NOMADS take over Dooly Campgrounds

Published 11:12 am Wednesday, March 25, 2020

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By Neil B. McGahee

Dispatch Correspondent

The historic Dooly Campgrounds hosted a different kind of camper — members of the NOMADS, not to be confused with the southern California motorcycle club — a group of predominately Methodist volunteers that haul their campers and tools from one religious site to another, donating their skills to perform repairs or maintenance to them.

“My wife, Lisa and I are from Big Stone City, South Dakota, and there are volunteers here from Illinois, Indiana, Connecticut, Vermont and Ohio,” said Jeff Busch as he measured wooden splints to be applied to the sides of the campground chapel. “You don’t have to be Methodist to volunteer. When we got involved, I was Catholic and Lisa was Lutheran, but we decided we liked this ministry so we became Methodists and now we spend all of our time — usually 12 days per project — doing whatever needs to be done.”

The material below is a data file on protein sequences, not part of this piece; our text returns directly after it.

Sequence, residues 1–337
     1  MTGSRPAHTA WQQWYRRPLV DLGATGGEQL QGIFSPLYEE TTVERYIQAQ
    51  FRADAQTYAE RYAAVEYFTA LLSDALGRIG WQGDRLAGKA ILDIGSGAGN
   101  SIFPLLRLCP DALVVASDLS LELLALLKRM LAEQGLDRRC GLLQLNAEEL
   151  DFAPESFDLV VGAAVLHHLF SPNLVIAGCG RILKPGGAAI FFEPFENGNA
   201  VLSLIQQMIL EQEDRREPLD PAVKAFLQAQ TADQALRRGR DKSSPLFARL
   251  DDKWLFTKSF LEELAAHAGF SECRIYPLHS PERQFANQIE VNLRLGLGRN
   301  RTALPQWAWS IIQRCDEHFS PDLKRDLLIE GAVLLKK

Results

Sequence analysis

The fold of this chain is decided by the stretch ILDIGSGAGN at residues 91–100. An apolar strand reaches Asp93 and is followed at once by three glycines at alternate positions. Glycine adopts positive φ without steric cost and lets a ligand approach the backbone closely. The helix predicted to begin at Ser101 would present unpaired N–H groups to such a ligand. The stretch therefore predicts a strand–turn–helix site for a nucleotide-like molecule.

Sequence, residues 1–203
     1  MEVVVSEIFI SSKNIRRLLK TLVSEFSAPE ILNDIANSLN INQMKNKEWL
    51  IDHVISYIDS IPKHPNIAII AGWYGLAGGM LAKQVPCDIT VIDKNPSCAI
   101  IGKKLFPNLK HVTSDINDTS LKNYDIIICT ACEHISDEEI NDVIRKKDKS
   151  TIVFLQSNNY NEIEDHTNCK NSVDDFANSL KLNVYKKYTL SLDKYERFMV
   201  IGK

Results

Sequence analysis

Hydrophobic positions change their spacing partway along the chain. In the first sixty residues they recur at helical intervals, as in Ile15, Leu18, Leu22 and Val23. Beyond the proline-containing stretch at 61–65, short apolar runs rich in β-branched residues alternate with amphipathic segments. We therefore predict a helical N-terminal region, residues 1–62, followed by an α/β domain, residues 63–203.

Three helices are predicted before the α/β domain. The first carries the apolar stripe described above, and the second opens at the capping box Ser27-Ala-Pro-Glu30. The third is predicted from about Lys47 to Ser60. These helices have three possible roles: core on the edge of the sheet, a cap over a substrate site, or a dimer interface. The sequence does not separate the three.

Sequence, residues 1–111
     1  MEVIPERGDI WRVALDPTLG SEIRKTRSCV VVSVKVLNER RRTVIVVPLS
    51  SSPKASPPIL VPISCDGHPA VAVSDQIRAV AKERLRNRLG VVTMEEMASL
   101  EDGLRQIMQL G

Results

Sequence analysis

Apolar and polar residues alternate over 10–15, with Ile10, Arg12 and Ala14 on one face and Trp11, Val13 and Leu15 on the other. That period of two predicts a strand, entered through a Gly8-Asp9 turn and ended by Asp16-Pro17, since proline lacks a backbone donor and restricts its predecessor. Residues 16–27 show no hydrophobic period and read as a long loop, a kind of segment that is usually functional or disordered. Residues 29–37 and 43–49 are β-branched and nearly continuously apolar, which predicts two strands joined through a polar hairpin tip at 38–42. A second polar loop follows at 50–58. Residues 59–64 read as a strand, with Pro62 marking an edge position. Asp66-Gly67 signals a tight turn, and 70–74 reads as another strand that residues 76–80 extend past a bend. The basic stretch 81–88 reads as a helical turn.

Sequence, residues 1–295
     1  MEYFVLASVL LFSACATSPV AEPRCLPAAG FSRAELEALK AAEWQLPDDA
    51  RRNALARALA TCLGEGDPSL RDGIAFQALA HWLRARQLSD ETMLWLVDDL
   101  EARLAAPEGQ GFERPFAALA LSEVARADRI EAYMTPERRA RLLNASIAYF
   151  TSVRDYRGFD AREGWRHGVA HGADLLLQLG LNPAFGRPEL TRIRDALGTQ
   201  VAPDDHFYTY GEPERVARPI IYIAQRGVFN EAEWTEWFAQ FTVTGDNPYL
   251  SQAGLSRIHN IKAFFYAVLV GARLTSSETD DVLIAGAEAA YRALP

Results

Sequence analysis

NOMADS began in 1988 in Texas’ Rio Grande Valley when a group of so-called “Winter Texans,” — Upper Midwesterners that travel to Texas to escape the brutal winters — approached local churches and offered their services to repair or maintain local churches. As membership grew, the group incorporated as an organization of the United Methodist Church and offered year-round projects to churches in need of repairs. The effort was heightened in 2005 as the group concentrated on disaster recovery efforts in Mississippi after Hurricane Katrina. Today, the NOMADS donate more than 110,000 hours of volunteer labor each year.

The campground, situated along Sandy Mount Creek, near Vienna, traces its beginnings to 1874 as a United Methodist camp meeting site. The first structure was the “Tabernacle,” a canopy made from hand-hewn timbers and filled with wooden pews to host revival meetings. Later, it was expanded to include cabins, a dining hall, recreation fields and a swimming pool to accommodate longer-term spiritual retreats.

“What’s really interesting is the wood being used to repair the outer buildings is all from trees blown down in the campground by Hurricane Michael,” said Bert Gregory, Dooly County Attorney and advocate for the campground. “It’s wonderful to see it being used for this purpose.”

After the NOMADS finish their work, it’s off to the next job according to Busch.

“We don’t know yet where that will be, but when we do, we will hit the road again,” he said.